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Title
General reports

Reprinted from
PHOTOGRAMMETRIC ENGINEERING
March
1956
Report of Commission VII (Photo
graphic Interpretation) to the Inter
national Society of Photo gramme try
Charles G. Coleman, President, Commission VII
U. S. Naval Photo Interpretation Center
AND
earl j. Rogers, Secretary, Commission VII
U. S. Forest Service
INTRODUCTION
R eviewing, organizing and compiling information on all phases of photo
interpretation over the past four years is a tremendous task. This report, as
an attempt to accomplish this task, is far from complete. At best, it represents
only a cross section of such information on photographic interpretation activities
as was available to the compilers.
Information presented in this report was largely contributed by the various
national reporters and their sub-reporters. In addition, free use was made of
data from some of the excellent recently published papers reflecting photo
graphic interpretation progress.
The material is in four major sections: General, Natural Resources Applica
tions, Engineering Applications and Military Applications. This organization
follows the suggestion made in the 1952 Resolutions of Commission VII.
Under the general section is discussed the new developments in material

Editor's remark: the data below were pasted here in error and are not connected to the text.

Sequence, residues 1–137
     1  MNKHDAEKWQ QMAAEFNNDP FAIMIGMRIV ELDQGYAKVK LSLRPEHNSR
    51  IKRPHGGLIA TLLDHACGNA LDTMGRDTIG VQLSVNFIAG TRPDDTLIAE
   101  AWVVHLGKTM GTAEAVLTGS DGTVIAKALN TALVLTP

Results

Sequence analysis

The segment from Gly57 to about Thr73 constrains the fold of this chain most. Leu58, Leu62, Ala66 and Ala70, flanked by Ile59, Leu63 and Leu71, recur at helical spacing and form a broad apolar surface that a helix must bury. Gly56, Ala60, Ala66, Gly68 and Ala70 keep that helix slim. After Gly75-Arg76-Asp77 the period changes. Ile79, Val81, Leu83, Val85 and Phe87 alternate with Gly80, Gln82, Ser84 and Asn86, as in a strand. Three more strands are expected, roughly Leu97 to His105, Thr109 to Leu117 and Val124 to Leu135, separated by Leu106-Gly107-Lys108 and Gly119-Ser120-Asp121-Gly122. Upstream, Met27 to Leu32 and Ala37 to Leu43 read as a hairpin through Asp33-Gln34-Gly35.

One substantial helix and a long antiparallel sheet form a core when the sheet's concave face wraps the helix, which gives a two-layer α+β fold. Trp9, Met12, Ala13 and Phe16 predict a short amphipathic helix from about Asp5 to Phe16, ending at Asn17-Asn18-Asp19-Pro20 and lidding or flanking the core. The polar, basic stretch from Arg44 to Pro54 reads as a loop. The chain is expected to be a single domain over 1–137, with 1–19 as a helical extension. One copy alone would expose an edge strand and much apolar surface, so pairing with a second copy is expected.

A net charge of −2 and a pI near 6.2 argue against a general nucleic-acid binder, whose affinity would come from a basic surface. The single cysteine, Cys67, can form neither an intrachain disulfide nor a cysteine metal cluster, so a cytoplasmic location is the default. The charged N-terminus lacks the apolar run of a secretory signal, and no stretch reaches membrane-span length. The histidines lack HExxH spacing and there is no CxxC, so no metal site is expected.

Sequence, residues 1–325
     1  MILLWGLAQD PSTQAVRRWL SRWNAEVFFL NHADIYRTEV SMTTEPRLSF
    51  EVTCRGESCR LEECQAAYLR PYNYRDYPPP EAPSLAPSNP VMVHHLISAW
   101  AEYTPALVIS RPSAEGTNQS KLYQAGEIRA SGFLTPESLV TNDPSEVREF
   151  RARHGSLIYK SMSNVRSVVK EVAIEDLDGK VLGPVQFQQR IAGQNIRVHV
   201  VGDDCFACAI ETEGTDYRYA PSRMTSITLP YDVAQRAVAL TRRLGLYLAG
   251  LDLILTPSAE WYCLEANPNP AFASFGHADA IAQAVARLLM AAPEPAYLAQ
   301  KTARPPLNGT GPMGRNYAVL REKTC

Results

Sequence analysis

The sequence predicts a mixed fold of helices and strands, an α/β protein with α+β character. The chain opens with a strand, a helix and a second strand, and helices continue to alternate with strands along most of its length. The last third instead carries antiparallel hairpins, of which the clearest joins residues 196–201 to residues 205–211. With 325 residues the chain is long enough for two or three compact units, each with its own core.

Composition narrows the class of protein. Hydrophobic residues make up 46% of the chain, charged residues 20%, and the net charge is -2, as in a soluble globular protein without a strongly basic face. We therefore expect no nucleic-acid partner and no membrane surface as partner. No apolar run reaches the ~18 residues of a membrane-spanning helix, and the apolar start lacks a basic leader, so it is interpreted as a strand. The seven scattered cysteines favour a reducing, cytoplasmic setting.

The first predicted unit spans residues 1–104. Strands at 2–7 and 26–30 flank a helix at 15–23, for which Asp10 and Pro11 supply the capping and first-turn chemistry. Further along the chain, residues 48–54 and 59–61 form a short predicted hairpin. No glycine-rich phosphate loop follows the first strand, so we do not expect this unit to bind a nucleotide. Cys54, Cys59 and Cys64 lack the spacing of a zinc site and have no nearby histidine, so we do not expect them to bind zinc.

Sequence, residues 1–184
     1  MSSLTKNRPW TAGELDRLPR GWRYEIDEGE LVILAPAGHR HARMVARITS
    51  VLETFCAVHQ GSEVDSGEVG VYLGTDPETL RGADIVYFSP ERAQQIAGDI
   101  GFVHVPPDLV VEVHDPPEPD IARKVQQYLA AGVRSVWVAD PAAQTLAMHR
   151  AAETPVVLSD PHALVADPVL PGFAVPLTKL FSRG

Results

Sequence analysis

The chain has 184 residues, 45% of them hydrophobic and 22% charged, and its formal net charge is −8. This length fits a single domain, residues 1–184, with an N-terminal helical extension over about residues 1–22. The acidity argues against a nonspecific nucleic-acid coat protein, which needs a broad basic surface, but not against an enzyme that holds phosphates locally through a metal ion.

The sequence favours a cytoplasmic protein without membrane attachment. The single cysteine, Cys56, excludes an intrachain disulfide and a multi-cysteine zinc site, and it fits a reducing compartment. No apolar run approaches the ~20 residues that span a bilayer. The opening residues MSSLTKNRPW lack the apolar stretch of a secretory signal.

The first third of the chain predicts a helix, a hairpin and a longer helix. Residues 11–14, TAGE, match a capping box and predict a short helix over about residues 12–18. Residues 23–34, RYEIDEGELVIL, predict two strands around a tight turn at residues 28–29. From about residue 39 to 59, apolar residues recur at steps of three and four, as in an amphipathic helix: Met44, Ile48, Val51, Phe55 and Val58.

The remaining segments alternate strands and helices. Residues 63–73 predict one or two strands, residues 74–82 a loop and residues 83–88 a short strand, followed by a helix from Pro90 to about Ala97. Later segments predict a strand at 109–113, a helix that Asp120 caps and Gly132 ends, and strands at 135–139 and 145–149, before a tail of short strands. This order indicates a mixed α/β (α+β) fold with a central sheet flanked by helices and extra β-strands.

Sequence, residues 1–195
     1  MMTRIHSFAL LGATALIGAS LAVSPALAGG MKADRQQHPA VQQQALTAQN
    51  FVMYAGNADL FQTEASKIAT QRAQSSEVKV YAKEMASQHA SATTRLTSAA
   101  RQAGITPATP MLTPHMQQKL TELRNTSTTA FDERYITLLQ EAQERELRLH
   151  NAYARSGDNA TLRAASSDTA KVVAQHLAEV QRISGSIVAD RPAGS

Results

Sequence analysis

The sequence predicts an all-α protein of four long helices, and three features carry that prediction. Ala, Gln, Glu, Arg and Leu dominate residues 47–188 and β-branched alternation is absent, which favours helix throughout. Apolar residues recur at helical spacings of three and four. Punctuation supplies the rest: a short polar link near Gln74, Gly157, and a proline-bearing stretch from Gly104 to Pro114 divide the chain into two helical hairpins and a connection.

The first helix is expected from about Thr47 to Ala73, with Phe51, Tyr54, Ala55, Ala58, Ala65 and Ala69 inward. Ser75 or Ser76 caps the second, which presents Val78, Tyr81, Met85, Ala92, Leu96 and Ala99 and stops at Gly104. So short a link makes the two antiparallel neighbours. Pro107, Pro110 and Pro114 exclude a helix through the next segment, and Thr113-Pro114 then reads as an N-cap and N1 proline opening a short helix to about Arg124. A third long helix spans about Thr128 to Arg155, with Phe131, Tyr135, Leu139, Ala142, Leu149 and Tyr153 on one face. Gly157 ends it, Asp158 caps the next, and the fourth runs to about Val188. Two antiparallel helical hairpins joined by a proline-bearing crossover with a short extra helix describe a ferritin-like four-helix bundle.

which have led generally to the improvement and accuracy of photo inter
pretation. Another part deals with equipment developments that have im
proved photo interpretation. Personnel and training are briefly reviewed. In
order not to duplicate the work of the Commission on Education, only a brief
treatment of training is included, with emphasis on its effects on the photo
graphic interpretation picture as a whole. Another part of this section covers the
research and deals with the projects and developments that have taken place
during the past four years. A short final portion contains information on the
photographic interpretation manual being prepared by the American Society
of Photogrammetry and in addition several other reference publications of
interest.
The section on natural resources has been divided, for convenience, into two
general topics: (1) geology and (2) forestry and land use. The geologic part of this
section points out the great increase in the number of geologic mapping and
prospecting projects in which photographic interpretation is a vital factor. The
part dealing with forestry and land use seems to indicate that photographic
interpretation is making tremendous strides in all phases of forestry, agricul
ture, and other related fields which deal with interpreting the earth’s surface.
The section on engineering covers the use of aerial photos in mapping, rail
road and highway engineering, urban planning and other engineering uses.
The fourth section covers the field of military intelligence. While national
security prevents a complete progress report being made by any of the report-